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Jim Knight : Will the right hon. Gentleman give way?

Sir Brian Mawhinney: No.

None of us takes pride from that figure. It is as certain as day follows night that it will rocket as a consequence of the Bill.

say the Salvation Army and the Methodist Church.

That was the point made by the right hon. Member for Holborn and St. Pancras (Mr. Dobson), and I join him in affirming that Methodist Church and Salvation Army point.

The Methodist Church and the Salvation Army also said that they

The difficulty about a debate around technology as complex as that included in the Bill is that it is all too easy to lose sight of the real people in real families in real households and in real communities who will be damaged—many of them beyond repair—as a consequence of the Bill.

It used to be said of the Labour party that it was the Methodist Church at prayer. That is no longer the case if the Bill reflects current Labour party thinking. However, in one respect the Bill does go with the flow of new Labour, for its outcome will be gambling problems for the many, not just for the few.

6.8 pm

Mrs. Janet Dean (Burton) (Lab): The Government's aim of protecting those who are vulnerable, as well as children, by introducing the Bill is welcome. The development of new forms of gambling, such as those on the internet and on mobile phones, shows that there is a clear need to update our gambling laws. The new gambling commission will have significant powers to investigate and prosecute where necessary. It will be able to monitor the areas of problem gambling.

There is much that is good in the Bill but I have concerns, which I hope will be addressed during the passage of the Bill. Many jobs in my constituency rely on the gambling industry in one way or another: Uttoxeter is one of the best local race courses in the country and is home to the Midlands grand national, while in Burton upon Trent, the brewing industry has led to the development of not only Marmite, but pub companies and gaming machine companies such as Leisure Link. I am concerned that long-established, home-grown UK businesses should not inadvertently lose out under the Bill.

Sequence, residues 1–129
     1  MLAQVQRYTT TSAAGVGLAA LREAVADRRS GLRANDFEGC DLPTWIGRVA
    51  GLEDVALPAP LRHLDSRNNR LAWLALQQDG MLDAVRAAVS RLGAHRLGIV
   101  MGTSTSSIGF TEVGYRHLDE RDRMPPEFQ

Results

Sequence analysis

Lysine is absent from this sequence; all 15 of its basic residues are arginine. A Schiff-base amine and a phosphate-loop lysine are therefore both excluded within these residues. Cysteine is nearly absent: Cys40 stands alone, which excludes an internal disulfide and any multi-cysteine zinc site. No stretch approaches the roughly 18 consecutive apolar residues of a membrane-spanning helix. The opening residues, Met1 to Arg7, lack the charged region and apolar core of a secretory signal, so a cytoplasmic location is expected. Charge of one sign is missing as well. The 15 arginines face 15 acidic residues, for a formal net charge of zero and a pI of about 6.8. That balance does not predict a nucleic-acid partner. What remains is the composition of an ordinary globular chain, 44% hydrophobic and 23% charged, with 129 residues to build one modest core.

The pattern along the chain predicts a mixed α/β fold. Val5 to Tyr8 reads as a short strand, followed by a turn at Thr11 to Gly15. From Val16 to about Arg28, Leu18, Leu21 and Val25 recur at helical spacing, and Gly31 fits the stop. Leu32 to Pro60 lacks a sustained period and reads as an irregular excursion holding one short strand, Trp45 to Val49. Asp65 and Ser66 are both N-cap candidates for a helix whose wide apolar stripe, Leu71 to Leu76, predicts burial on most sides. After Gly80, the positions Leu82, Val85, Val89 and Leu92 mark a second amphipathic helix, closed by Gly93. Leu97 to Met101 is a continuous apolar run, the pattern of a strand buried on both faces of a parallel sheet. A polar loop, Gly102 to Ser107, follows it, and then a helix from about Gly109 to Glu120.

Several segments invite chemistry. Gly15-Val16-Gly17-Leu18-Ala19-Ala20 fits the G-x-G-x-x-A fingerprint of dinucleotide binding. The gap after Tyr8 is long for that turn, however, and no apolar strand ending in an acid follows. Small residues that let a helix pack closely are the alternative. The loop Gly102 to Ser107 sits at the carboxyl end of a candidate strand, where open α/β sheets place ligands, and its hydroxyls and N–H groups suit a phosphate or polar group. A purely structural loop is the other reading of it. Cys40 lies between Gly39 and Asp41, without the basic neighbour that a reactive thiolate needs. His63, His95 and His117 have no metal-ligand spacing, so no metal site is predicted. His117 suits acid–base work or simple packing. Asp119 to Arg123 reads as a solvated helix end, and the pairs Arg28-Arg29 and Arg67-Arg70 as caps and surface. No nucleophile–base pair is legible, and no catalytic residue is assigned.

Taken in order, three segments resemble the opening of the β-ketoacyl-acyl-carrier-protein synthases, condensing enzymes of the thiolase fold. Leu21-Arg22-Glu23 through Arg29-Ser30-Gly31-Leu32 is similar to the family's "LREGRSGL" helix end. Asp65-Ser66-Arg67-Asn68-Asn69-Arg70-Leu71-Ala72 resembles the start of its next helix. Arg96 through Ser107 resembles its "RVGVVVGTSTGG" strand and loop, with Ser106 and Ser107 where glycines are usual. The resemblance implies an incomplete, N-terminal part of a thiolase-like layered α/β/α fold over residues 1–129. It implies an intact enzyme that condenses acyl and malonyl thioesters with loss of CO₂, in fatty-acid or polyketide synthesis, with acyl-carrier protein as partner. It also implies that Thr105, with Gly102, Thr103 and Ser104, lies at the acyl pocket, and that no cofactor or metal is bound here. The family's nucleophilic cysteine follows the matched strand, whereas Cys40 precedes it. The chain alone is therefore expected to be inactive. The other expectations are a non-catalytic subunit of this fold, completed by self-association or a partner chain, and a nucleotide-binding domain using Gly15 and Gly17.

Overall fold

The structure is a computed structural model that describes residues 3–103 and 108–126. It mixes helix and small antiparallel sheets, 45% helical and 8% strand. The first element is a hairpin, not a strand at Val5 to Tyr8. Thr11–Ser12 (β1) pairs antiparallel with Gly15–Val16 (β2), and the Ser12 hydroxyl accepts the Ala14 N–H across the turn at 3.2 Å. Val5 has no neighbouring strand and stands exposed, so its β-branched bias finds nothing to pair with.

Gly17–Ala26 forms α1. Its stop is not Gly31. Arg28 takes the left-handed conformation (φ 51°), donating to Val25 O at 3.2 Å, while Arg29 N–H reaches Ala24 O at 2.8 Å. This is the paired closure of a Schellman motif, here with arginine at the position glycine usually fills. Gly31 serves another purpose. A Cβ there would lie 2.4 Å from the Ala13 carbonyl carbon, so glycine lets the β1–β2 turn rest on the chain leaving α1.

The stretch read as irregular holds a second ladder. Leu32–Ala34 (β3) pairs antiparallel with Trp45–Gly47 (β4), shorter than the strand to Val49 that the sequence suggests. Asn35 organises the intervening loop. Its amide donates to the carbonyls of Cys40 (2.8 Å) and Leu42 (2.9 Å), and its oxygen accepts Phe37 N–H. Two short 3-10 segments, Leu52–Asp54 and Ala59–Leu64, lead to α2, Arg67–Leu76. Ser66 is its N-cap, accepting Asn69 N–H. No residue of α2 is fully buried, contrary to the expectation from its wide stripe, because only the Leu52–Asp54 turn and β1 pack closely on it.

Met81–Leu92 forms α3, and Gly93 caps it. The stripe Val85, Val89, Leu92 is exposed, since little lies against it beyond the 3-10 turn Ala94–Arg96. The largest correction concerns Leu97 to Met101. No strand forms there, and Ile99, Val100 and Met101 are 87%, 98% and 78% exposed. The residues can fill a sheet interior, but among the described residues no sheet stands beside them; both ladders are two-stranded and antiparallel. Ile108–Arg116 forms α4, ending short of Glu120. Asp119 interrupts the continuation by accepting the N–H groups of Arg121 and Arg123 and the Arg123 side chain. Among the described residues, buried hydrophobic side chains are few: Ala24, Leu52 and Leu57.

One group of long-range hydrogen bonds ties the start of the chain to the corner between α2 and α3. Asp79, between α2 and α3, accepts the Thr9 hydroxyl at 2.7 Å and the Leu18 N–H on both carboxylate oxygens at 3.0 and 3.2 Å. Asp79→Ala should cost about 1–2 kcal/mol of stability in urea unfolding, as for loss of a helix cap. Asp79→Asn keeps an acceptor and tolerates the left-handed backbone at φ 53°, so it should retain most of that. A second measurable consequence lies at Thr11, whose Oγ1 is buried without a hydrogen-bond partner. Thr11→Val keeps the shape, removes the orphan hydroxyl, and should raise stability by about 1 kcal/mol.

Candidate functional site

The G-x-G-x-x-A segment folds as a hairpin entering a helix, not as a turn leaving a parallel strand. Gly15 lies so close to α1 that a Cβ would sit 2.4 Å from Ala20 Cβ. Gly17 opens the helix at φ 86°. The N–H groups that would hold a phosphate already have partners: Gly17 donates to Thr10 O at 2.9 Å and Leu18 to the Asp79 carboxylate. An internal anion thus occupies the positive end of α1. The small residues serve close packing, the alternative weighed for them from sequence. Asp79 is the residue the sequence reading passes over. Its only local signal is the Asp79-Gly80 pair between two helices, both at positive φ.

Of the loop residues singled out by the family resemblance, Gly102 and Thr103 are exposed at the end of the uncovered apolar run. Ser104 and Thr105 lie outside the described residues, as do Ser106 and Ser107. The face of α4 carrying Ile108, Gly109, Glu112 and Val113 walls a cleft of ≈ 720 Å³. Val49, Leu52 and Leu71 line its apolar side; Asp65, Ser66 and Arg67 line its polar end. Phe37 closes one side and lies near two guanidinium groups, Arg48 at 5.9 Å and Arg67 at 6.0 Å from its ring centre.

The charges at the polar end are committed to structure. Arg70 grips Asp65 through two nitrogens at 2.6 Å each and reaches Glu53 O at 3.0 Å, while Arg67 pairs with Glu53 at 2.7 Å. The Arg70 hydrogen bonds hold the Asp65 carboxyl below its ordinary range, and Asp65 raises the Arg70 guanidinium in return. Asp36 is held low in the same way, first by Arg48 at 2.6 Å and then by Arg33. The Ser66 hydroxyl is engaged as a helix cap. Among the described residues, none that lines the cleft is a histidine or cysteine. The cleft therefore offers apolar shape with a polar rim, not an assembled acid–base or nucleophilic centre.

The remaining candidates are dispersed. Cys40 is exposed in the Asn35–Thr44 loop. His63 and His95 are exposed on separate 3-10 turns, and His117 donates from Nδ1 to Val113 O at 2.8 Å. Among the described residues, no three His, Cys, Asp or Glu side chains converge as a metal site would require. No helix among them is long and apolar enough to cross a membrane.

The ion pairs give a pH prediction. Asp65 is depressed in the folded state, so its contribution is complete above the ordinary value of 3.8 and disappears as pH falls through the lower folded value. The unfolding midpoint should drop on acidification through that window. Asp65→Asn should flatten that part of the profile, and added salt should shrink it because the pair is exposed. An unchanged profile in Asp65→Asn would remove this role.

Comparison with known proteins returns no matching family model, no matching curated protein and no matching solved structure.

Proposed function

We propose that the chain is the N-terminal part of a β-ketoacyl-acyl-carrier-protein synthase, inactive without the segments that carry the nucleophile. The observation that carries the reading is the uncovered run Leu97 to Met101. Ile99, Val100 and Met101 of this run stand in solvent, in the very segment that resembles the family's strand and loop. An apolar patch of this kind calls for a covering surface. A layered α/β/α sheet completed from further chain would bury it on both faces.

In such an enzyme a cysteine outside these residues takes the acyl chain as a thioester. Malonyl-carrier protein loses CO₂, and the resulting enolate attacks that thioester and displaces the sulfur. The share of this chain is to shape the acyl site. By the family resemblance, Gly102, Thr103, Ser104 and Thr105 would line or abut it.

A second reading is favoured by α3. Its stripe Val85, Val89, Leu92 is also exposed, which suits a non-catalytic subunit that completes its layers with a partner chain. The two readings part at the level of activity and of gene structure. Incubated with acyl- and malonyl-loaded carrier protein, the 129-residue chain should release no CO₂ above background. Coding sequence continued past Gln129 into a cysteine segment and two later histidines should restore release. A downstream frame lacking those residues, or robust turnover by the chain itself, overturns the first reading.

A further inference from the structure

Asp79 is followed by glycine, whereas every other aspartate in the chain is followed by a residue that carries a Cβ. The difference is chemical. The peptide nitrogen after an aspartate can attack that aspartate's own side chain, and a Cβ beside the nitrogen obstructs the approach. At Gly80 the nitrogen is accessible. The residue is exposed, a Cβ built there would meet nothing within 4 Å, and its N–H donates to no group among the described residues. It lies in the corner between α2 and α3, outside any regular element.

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The likely effect of an unlimited number of regional casinos would be the demise of small casinos. The competitive inequality of machine entitlement and allowing only regional casinos to have category A machines will greatly favour incomers rather than the incumbent UK operators. The potential proliferation of regional casinos, with their unlimited-prize payouts, will bring them too close to centres of population, with the resultant risk of increasing problem gambling. Although I accept that it will be for local authorities to decide whether to allow regional casinos, it will be difficult for them to decline the prospect of financial benefit to their communities.

Representatives of the gaming machine companies have made suggestions to address the concerns expressed by many hon. Members about the potential proliferation of regional casinos. One suggestion is that the number of regional casinos should be restricted. The gaming machine companies have also suggested that the minimum size of the regional casinos should be increased, but that no category A slot machines should be introduced until after the second prevalence study, and then in small numbers only.

The UK gambling industry is used to maximum prizes, and the doors should not be thrown open to the unlimited cash prizes offered by category A machines without a consideration of the consequences. Category B slot machines could carry increased stakes and prizes, in which case we could maintain the principle of controlled stakes and prizes in this country. Such action would protect our home-grown gaming machine companies and the associated jobs in constituencies such as mine.

Another concern is the number of machines that will be allowed in pubs under the Bill. Although the Bill sets a maximum number of two machines by right, with more by application to the local authority, the principle of grandfather rights was established throughout the first drafts of the Bill and the submissions by the Joint Committee. Concerns have been raised because the Bill provides for grandfather rights in premises that are

Does that mean that a country pub that has adapted to serve food and that may rely on the income from machines to remain viable cannot benefit from grandfather rights? What will be the definition of